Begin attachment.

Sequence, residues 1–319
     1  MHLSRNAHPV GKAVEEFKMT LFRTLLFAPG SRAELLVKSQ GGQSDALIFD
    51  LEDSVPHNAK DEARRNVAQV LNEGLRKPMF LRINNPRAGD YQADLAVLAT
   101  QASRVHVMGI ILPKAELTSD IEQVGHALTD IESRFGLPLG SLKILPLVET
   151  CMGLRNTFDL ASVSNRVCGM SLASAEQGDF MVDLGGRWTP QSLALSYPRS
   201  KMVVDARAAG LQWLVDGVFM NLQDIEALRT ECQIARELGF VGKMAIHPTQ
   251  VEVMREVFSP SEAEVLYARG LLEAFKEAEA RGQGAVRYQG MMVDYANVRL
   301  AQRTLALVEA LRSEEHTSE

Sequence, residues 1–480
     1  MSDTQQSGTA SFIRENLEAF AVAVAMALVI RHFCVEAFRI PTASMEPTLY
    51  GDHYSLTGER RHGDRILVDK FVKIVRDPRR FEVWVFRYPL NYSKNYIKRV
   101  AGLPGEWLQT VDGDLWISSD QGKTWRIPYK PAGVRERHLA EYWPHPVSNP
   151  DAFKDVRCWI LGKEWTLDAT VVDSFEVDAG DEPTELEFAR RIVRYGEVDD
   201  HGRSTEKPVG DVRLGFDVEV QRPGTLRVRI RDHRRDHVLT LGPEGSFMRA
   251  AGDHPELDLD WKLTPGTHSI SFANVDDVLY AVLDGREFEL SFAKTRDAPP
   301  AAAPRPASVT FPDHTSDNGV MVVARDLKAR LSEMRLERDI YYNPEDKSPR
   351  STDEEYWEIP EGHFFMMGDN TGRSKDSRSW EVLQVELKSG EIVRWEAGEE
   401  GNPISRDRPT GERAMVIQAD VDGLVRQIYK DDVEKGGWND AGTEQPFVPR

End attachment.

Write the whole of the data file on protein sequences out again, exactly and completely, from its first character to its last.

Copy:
Sequence, residues 1–319
     1  MHLSRNAHPV GKAVEEFKMT LFRTLLFAPG SRAELLVKSQ GGQSDALIFD
    51  LEDSVPHNAK DEARRNVAQV LNEGLRKPMF LRINNPRAGD YQADLAVLAT
   101  QASRVHVMGI ILPKAELTSD IEQVGHALTD IESRFGLPLG SLKILPLVET
   151  CMGLRNTFDL ASVSNRVCGM SLASAEQGDF MVDLGGRWTP QSLALSYPRS
   201  KMVVDARAAG LQWLVDGVFM NLQDIEALRT ECQIARELGF VGKMAIHPTQ
   251  VEVMREVFSP SEAEVLYARG LLEAFKEAEA RGQGAVRYQG MMVDYANVRL
   301  AQRTLALVEA LRSEEHTSE

Sequence, residues 1–480
     1  MSDTQQSGTA SFIRENLEAF AVAVAMALVI RHFCVEAFRI PTASMEPTLY
    51  GDHYSLTGER RHGDRILVDK FVKIVRDPRR FEVWVFRYPL NYSKNYIKRV
   101  AGLPGEWLQT VDGDLWISSD QGKTWRIPYK PAGVRERHLA EYWPHPVSNP
   151  DAFKDVRCWI LGKEWTLDAT VVDSFEVDAG DEPTELEFAR RIVRYGEVDD
   201  HGRSTEKPVG DVRLGFDVEV QRPGTLRVRI RDHRRDHVLT LGPEGSFMRA
   251  AGDHPELDLD WKLTPGTHSI SFANVDDVLY AVLDGREFEL SFAKTRDAPP
   301  AAAPRPASVT FPDHTSDNGV MVVARDLKAR LSEMRLERDI YYNPEDKSPR
   351  STDEEYWEIP EGHFFMMGDN TGRSKDSRSW EVLQVELKSG EIVRWEAGEE
   401  GNPISRDRPT GERAMVIQAD VDGLVRQIYK DDVEKGGWND AGTEQPFVPR